Asian woman reading at a tableIf you write picture books — or, really, any other kind of book — and you haven’t read Ann Whitford Paul’s excellent overview of the writing craft, then I highly recommend you get yourself to a bookstore or library and get yourself a copy!

It is packed with information, from her advice that before you start writing, you need to read, read, read, to creating characters, plotting and the basic three-act structure that most stories follow, making your writing as strong as it can be — it provides a complete breakdown of the process of writing a picture book.

Not only does she explain all the building blocks that go together to create a picture book, but she includes examples and best of all, many writing exercises at the end of each chapter that allow you to work through the steps and try for yourself whatever she has taught. When I was a kid in 4-H, we knew that we needed to “learn to do by doing” — Ann Whitford Paul knows that, too.

And, as I’ve said, much of the book can help writers for other age groups as well, although it’s geared for picture book writers. It’s really a course in writing contained in one affordable book.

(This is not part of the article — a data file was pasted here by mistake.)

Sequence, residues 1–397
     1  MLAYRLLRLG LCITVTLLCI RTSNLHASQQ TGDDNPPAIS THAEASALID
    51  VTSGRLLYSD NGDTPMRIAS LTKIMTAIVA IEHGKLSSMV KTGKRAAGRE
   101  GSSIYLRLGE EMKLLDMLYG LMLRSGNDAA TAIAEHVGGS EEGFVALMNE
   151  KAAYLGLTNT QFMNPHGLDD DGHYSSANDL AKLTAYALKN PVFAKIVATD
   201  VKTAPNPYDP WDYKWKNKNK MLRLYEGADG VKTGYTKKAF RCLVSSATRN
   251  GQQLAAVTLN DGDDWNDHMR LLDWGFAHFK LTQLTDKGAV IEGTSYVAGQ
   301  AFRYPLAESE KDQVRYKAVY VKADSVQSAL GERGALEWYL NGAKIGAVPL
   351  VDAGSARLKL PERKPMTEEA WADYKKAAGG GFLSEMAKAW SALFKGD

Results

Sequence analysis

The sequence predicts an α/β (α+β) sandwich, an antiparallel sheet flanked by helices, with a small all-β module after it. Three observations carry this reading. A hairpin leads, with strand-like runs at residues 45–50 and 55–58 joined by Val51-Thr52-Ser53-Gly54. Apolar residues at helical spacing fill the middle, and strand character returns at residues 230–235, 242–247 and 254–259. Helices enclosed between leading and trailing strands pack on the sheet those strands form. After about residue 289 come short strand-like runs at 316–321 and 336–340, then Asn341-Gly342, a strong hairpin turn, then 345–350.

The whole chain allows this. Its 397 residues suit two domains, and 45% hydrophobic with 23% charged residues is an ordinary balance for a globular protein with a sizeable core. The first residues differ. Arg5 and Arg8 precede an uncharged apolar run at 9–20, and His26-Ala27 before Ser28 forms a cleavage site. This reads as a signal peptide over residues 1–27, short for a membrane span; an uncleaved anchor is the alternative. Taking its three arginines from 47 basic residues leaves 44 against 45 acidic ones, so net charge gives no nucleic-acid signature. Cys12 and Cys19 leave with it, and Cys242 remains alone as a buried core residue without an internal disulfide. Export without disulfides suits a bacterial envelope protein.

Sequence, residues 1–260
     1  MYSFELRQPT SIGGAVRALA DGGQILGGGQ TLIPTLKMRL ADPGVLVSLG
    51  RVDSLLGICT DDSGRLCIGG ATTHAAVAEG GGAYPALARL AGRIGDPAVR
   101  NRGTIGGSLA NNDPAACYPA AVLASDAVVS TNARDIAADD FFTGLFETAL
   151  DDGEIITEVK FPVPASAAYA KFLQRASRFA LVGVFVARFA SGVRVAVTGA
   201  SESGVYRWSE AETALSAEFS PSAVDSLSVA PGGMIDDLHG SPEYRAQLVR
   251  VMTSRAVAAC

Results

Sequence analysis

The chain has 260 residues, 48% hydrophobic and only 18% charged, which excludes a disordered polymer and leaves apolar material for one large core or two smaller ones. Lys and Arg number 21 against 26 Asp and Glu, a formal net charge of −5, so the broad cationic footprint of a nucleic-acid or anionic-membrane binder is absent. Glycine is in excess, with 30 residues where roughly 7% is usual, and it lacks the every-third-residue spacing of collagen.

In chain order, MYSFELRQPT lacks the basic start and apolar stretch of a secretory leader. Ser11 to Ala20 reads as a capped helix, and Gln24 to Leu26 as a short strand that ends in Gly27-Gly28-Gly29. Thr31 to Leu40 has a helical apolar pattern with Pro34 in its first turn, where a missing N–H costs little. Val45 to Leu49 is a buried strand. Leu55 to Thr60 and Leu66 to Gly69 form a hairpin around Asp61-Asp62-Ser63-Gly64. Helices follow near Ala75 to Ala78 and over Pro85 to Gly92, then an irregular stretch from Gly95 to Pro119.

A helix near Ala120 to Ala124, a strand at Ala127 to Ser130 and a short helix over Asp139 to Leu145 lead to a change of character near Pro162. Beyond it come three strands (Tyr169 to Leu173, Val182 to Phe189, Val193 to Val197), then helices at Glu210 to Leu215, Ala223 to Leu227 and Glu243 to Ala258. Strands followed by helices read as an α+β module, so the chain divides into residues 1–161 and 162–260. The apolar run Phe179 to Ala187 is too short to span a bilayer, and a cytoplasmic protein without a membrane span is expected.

Here’s the basic information about the book to help you find it:

9781582975566_p0_v2_s192x300Title: Writing Picture Books: A Hands-On Guide From Story Creation to Publication

Author: Ann Whitford Paul

Publisher: Cincinnati, OH: Writer’s Digest Books, 2009

ISBN:  9781582975566 (paperback)

Here’s a detailed review of the book from a top-notch children’s book editor, Harold Underdown (if you write for kids, and you’re not familiar with his site, this is one to bookmark!)

Here’s the Writer’s Digest page about the book, with the full table of contents and even an excerpt to read.

And here’s Ann Whitford Paul’s website (note that there’s a section of writing tips).

Happy reading! Happy writing!